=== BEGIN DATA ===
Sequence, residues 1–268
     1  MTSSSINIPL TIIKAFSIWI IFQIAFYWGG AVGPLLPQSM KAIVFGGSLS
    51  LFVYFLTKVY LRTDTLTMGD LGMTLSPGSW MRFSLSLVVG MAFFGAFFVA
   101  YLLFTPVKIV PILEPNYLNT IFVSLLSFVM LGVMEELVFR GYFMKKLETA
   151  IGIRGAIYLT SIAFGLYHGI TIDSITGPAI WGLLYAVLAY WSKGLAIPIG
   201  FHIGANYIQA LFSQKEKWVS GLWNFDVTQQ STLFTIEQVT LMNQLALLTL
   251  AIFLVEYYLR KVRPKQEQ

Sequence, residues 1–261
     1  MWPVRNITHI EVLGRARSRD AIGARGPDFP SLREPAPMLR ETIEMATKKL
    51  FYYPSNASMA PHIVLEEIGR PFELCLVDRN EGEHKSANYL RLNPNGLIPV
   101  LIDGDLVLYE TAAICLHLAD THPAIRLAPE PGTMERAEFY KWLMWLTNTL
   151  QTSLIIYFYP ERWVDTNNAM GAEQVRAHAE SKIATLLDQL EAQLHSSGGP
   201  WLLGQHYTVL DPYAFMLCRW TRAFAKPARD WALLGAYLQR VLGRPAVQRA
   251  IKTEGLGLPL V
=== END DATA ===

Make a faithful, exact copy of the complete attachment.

Sequence, residues 1–268
     1  MTSSSINIPL TIIKAFSIWI IFQIAFYWGG AVGPLLPQSM KAIVFGGSLS
    51  LFVYFLTKVY LRTDTLTMGD LGMTLSPGSW MRFSLSLVVG MAFFGAFFVA
   101  YLLFTPVKIV PILEPNYLNT IFVSLLSFVM LGVMEELVFR GYFMKKLETA
   151  IGIRGAIYLT SIAFGLYHGI TIDSITGPAI WGLLYAVLAY WSKGLAIPIG
   201  FHIGANYIQA LFSQKEKWVS GLWNFDVTQQ STLFTIEQVT LMNQLALLTL
   251  AIFLVEYYLR KVRPKQEQ

Sequence, residues 1–261
     1  MWPVRNITHI EVLGRARSRD AIGARGPDFP SLREPAPMLR ETIEMATKKL
    51  FYYPSNASMA PHIVLEEIGR PFELCLVDRN EGEHKSANYL RLNPNGLIPV
   101  LIDGDLVLYE TAAICLHLAD THPAIRLAPE PGTMERAEFY KWLMWLTNTL
   151  QTSLIIYFYP ERWVDTNNAM GAEQVRAHAE SKIATLLDQL EAQLHSSGGP
   201  WLLGQHYTVL DPYAFMLCRW TRAFAKPARD WALLGAYLQR VLGRPAVQRA
   251  IKTEGLGLPL V